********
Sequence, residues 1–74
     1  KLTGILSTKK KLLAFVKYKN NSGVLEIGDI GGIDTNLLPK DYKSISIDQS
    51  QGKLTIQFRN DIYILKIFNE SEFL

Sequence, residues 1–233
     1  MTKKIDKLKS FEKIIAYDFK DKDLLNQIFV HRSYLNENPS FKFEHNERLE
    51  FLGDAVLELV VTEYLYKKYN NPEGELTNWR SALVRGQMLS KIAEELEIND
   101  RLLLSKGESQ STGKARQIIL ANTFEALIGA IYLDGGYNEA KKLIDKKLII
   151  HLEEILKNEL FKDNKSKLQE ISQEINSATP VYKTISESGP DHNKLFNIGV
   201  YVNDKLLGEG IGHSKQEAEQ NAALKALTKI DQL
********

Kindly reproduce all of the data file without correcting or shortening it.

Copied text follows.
Sequence, residues 1–74
     1  KLTGILSTKK KLLAFVKYKN NSGVLEIGDI GGIDTNLLPK DYKSISIDQS
    51  QGKLTIQFRN DIYILKIFNE SEFL

Sequence, residues 1–233
     1  MTKKIDKLKS FEKIIAYDFK DKDLLNQIFV HRSYLNENPS FKFEHNERLE
    51  FLGDAVLELV VTEYLYKKYN NPEGELTNWR SALVRGQMLS KIAEELEIND
   101  RLLLSKGESQ STGKARQIIL ANTFEALIGA IYLDGGYNEA KKLIDKKLII
   151  HLEEILKNEL FKDNKSKLQE ISQEINSATP VYKTISESGP DHNKLFNIGV
   201  YVNDKLLGEG IGHSKQEAEQ NAALKALTKI DQL